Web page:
THE world economic crises that began in late 2007 have spurred the growth of predatory bodies and their integration with state politics.
And such organisations/groups are penetrating governments throughout the world – from the most industrialised states to developing countries like Bulgaria and Myanmar. Worse still, in many such states, rulers enrich themselves and their families by using the resources of mafia-like entities to increase their grip on power.
It is of course difficult to distinguish ‘crime’ from ‘finance’, for as Proudhon argued, a century and a half ago, that ‘capitalist property is theft’. Corporate law is often reinterpreted to ignore unethical practices, if not to legalise them.
Such global malpractices have the capability to subsume all democratic institutions — executive, legislative or judiciary as illustrated in the case of democratic Bulgaria by Wikileaks’ released US diplomatic cables of 2005.
In the mid-1960s when he was still a Pakistani citizen Rahman Sobhan called Pakistan ‘a predatory state’ — a state designed to facilitate the rulers’ plundering of national resources. It is indisputable that there have been no non-predatory rulers since Khawaja Nazimuddin’s dismissal in 1953. But have we graduated from ‘predatory’ to ‘mafia’ status?
The present struggle between the executive and the legislature on the one hand and the judiciary on the other shows that the kind of state in progress. Democratic institutions are being used to provide protection to what would ordinarily be regarded as illegal activity and the ruler’s attempt to redefine unethical practices enjoys support from a wide spectrum of political forces — both domestic and foreign. That has also proceeded as a consequence of a proliferation of shady privatisation deals, the continuing tussle over local government ‘reforms’, and the augmented role of the ‘land mafia’ in civic administration.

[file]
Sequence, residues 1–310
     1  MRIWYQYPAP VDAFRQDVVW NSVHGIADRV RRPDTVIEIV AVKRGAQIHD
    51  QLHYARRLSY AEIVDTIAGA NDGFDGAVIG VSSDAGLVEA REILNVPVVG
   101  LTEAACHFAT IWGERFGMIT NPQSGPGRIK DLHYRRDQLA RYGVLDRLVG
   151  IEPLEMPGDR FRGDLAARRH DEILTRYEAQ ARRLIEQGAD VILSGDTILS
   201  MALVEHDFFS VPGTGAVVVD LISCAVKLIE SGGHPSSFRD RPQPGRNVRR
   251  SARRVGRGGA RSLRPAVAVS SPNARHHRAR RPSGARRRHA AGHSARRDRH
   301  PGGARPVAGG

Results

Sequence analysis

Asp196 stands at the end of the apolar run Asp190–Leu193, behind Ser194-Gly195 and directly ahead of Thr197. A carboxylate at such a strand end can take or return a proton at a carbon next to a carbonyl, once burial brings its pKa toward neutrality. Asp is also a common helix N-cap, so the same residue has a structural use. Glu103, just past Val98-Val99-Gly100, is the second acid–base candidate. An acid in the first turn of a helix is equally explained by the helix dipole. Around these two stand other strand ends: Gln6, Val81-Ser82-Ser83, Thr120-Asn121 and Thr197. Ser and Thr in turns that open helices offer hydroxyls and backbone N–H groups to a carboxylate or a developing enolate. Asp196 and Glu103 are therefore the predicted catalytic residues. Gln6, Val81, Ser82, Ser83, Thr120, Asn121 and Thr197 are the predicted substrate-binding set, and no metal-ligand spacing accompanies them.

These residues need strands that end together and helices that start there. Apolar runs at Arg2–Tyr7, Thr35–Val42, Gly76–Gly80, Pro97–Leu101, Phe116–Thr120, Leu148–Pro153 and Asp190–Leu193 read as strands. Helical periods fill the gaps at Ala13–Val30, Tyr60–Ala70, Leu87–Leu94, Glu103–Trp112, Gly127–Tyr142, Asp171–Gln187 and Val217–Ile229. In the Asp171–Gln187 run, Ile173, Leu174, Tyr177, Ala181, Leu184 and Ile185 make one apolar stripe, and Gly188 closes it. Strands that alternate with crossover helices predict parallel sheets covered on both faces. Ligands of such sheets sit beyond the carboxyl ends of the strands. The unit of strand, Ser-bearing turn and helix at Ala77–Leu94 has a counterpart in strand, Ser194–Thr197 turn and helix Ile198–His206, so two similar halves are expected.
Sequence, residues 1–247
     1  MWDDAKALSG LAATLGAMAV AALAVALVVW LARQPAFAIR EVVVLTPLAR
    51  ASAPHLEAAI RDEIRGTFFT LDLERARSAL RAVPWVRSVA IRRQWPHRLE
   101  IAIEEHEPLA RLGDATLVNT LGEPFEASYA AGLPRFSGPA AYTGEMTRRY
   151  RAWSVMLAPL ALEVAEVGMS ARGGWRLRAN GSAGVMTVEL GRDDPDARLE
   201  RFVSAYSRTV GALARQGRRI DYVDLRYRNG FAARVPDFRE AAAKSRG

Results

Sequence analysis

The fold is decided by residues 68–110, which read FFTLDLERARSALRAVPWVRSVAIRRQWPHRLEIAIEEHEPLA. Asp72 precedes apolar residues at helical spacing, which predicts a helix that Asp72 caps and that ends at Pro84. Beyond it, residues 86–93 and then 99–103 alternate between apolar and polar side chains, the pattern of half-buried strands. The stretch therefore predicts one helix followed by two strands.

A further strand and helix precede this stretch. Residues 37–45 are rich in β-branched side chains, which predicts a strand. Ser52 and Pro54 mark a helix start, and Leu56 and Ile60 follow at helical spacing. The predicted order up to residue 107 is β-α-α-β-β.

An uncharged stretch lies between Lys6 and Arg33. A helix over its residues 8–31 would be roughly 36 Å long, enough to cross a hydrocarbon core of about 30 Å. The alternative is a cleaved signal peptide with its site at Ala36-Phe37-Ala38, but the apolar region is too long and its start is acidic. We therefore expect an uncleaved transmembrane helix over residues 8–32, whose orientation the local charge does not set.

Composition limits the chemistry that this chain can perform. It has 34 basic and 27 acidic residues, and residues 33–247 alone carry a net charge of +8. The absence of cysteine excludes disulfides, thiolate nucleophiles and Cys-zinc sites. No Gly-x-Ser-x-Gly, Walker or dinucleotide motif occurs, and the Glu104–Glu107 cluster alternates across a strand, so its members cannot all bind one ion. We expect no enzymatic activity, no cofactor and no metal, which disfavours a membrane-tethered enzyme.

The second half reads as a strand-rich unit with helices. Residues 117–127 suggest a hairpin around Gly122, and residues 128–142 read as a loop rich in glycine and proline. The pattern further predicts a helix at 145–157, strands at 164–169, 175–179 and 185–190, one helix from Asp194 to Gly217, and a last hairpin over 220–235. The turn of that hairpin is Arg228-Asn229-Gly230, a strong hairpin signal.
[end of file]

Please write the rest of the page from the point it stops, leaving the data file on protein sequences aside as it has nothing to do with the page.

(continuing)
Moreover, our dependence on the global hegemonic power —-America – has increased. Total flows of US aid during FY04 to FY12 amount to about $22 billion (about two-thirds military).America’s political interests have been fully institutionalised within Pakistan’s governance mechanisms. Regime change in 2008 was crafted by Washington and regime continuation or change in 2013 will be greatly influenced by American preferences.
Nevertheless such trends can be combated. Pakistan is very weakly integrated into the global capitalist economy. Both current and capital account inflows are trivial in comparison to GDP. The trade- GDP- ratio has been falling for several years despite accelerated policy liberalisation which has stimulated import — not export — growth.
Nor is Pakistan a major node of global illicit drug, crimes or human trafficking networks, despite US propaganda. Thus throughout 2004-2012 in its extensive assistance programme only 3.3 per cent of funding was allocated by Washington to narcotics control and refugee assistance.
The bulk of the labour force is self-employed and therefore outside the circuit of predator capital. Less than ten per cent of Pakistanis have deposit accounts at banks. It is thus quite possible to develop a movement which delegitimises capitalist property and articulates Islamic legitimated transaction forms not subject to the whims of misguided parliamentarians but firmly grounded in the Shariah.
The writer is dean of CBM.